The cost of the Ugandan Parliament; Africa’s third largest Assembly

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The Parliament of the Republic of Uganda main entrance

Kampala, Uganda | URN | The 11th parliament to be inaugurated in May 2021 is set to be the largest in Uganda’s history and so will be the cost to the taxpayer, unless drastic measures are taken to cut the expenses. 

The number of MPs will have grown from 457 members in the tenth parliament to 527, making Uganda’s august house the sixth largest legislature in Africa. The other countries with bigger legislatures than Uganda are Morocco, Ethiopia, the Democratic Republic of Congo [DRC] and Algeria, and Egypt. 

With the exception of Egypt with a parliament of 596 members, the other countries in the bracket have a bicameral system; a lower house of representatives and the upper house, or senate.

But if their senates are excluded, they are smaller than Uganda’s. Uganda’s legislature is also bigger than those of economic powerhouses; Nigeria, South Africa and Kenya. 

Ugandans are also the most highly represented society, with each MP representing an average 86,800 people, compared 176,000 in Ethiopia, 154,000 in the DR Congo, 120,000 in South Africa, 168,000 in Egypt, as well as Nigeria, where each MP represents an average 492,000. 

A Ugandan MP earns an average 25 million Shillings per month including a basic salary of 6 million Shillings and amenities in allowances, depending on the distance between their constituency and the parliamentary buildings in Kampala.

Ugandan MPs have the privilege of revising their pay either up or downwards. Article 85 of the Constitution states that MPs are entitled to determine their emoluments, a privilege no other public officials enjoy. 

If this remains unchanged, Ugandans will spend not less than 13 billion Shillings a month or 158 billion Shillings annually, almost 36 billion Shillings more than last year’s salary and fixed allowance expenditure.

In 2018, Ugandan MPs were also the highest-paid legislators in Africa, according to Mark Babatunde, an author at Face2FaceAfrica. 

Every Member of Parliament is entitled to a new car. In the current parliament, Members were given 150 million Shillings for the purchase of vehicles at the beginning of their 5-year term.  This Year, the Ministry of Finance says that it requires 165 billion Shillings for the same. 

On top of the mileage allowances that range between 10 and 30 million Shillings per MP per month, the legislators are also entitled to night travel of 150,000 Shillings per night when traveling within the country, and 1.9 million Shillings per night for foreign travel. The legislators are also entitled to an iPad to help them conduct research and follow proceedings during debate.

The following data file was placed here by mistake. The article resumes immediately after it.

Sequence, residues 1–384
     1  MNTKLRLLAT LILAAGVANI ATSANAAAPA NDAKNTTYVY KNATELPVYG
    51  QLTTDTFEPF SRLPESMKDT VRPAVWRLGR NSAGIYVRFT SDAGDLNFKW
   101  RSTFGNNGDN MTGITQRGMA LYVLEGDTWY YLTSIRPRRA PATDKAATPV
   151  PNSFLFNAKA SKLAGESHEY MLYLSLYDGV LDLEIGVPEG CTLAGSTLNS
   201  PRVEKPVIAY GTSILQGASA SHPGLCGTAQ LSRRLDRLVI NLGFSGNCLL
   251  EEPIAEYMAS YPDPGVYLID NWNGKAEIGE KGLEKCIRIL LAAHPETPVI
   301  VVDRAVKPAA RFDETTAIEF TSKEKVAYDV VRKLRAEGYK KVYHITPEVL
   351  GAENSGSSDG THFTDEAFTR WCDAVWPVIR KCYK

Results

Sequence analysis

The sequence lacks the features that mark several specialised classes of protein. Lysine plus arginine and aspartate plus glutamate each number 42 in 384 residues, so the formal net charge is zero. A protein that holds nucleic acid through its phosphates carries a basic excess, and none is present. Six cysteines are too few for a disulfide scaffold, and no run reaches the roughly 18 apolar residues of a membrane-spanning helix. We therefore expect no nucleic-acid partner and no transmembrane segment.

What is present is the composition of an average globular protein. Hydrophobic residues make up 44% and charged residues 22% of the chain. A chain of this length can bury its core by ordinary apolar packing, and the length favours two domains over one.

The MPs pay package also largely goes untaxed and for tax purposes, they usually present only the 6 million Shillings, which is the basic salary after tax, while between 15 and 25 million is not taxed. 

On a number of occasions, the legislators have defended the pay they allocate themselves as being reasonable, and they compare it with what happens in the rest of the region.

They also cite the high costs of maintaining a constituency, that included attending to personal problems of their constituents like burials and school fees for children, even though that is not in their mandate. 

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Last financial year, some MPs called for the introduction of the Constituency Development Fund [CDF] which, before it was abolished in 2011, was managed by the MP of the respective constituency. Each MP would be given some 10 million Shillings. The fund was scrapped after it faced accountability issues.

But last year, Usuk County MP Peter Ogwang said there is a plan to table a Bill in the 11th parliament. MPs including Jacob Oboth and Paul Mwiru support the re-introduction of the CDF, saying that if it has worked in countries like Kenya, it can also work in Uganda. They say it is needed to cater for the increasing pressures that the MPs are facing in their constituencies. 

The Executive Director of the Budget Advocacy Group, Julius Mukunda expresses worry at the rate at which the public administration expenditure is increasing. He says that unfortunately as the parliament expands, the government is borrowing money to cater for the increasing budget.